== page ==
I am super in love with NFX (nfx.com) because with only one article, they helped me mentally define what I have been trying to build with my startup: a market network.
There are marketplaces where people buy and sell (think eBay or Airbnb where buyers and sellers are two distinct categories), there are social networks (usually revolving around keeping our networks up to date on either our professional lives (LinkedIn) or our personal lives (Facebook), and then there are market networks (like F6s or Honeybook) where the whole thing revolves around taking action together in order to accomplish something.
We want to combine all three with MyPeopleNow. Why? Because it doesn’t exist yet with regards to the combination of long-tail services and social good and we really feel that it should.
So in reading over an article that NFX put out (link at the bottom), I discovered our first fatal flaw so far. I want to do something different with my blog and write about (in “real time”) the problems our startup is facing, what we are learning about why we have those problems, and then go over potential solutions as I record my attempts to implement those solutions.
I have already come to determine that even if not a single soul were to read this “in real time,” it would be meaningful for me to document how this startup sh*t really goes down so that I can reflect on it someday and possibly even help someone else avoid the same pitfalls.
So what is our first fatal flaw? According to the article, it’s economic advantage.
In building out our MVP with virtually no resources, we had to open our scope very wide to test what people actually wanted to do with what we were offering. We didn’t want to limit people to one type of service so we allowed people to post anything – from tarot readings via video chat to writing and mailing greetings cards. In doing so, we created a marketplace where only a small fraction of the services on our site are truly unique and truly only findable on our site.
But people seem to be motivated by either wanting a special deal (something that is just for them that is hard to find anywhere else) or wanting to get rich (or at least get paid more than they could elsewhere). And I don’t blame them!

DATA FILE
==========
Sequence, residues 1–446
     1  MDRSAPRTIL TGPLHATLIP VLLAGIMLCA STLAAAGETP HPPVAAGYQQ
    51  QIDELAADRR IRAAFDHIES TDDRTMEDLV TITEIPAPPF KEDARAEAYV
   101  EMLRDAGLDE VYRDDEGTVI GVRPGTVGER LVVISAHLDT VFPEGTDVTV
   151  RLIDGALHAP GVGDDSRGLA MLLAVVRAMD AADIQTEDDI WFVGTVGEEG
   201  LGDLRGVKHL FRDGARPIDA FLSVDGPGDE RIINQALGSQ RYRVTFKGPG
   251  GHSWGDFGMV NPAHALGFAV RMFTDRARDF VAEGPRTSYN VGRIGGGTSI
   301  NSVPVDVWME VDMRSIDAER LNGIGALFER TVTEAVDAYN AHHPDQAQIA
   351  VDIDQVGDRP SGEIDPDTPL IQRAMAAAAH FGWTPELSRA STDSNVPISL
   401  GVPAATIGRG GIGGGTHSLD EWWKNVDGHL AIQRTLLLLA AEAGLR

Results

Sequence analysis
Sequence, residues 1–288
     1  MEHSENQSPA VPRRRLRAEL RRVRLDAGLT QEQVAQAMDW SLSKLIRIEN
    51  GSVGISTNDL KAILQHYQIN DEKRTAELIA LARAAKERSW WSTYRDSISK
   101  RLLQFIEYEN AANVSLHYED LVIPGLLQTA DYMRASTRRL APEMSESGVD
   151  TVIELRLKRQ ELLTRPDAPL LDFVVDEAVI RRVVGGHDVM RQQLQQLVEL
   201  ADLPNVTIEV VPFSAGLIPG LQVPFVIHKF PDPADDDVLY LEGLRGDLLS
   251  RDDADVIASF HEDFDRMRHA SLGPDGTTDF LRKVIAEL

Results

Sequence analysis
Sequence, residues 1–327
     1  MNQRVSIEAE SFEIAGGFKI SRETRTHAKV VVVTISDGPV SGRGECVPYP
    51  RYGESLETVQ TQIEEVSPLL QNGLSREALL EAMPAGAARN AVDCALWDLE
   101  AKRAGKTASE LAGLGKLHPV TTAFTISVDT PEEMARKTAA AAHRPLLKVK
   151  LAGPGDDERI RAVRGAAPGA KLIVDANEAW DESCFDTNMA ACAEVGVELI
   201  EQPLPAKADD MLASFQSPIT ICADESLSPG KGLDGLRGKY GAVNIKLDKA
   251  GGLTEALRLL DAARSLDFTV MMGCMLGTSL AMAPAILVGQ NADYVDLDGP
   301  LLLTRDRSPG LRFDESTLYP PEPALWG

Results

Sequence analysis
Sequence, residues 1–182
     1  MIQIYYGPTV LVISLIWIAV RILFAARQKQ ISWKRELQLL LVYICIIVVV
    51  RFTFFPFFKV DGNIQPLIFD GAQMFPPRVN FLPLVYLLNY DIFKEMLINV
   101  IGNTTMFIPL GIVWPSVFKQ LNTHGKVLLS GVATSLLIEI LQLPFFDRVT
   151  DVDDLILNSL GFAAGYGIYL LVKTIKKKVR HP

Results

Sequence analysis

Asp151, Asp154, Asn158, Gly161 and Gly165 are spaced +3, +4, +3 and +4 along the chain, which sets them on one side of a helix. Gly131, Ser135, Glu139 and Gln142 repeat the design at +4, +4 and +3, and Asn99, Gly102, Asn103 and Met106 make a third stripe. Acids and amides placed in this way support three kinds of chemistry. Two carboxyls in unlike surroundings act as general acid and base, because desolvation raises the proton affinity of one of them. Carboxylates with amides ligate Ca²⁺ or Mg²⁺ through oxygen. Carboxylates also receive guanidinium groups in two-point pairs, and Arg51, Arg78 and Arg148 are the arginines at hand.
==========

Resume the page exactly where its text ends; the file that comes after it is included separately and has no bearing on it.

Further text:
So what’s the economic advantage for our helpers to stay on our platform and continue to fork out 20% to us when they get booked? And on the flip side, what’s the economic advantage for the user to book those services on our site when they aren’t really a whole lot cheaper than they can find elsewhere?
Damnit. I don’t know how to answer that question and that’s a huge problem – or at least it threatens to be once we get our demand-side going.
No fear, I have a couple of ideas. But with limited resources, it’s going to feel like rerouting the titanic after spotting the iceberg in order to move directions (I kid – it wouldn’t be that hard but it would probably feel just as arduous).
One idea is segmentation. I have thought for a while that MyPeopleNow.com/Childcare could take off. A place where (like Airbnb) we enable semi-retired people for example who have an underutilized resource (their time) to earn extra revenue by casually babysitting kids around their neighborhood. I’ve also talked with a friend of mine about doing this for MyPeopleNow.com/Mentor where we get average everyday people to sign up to teach a skill to someone in their area.
Another idea is switching entirely to long-tail services (think energy healing or playing basketball with a semi-pro). And yet another idea is switching entirely to on-demand video chat services (imagine being bored and just randomly connecting with a super cool person who happens to be an expert at something that interests you).
There. That’s all I got. I don’t have any more brilliant ideas for the economic advantage thing. That’s not to say I am giving up, but I am putting this all out there to see if I can manifest some ideas or suggestions.
Thanks for reading! Stay tuned for Chapter 2 – High Frequency.
Link to the NFX article I mentioned: https://www.nfx.com/post/the-nfx-marketplace-scorecard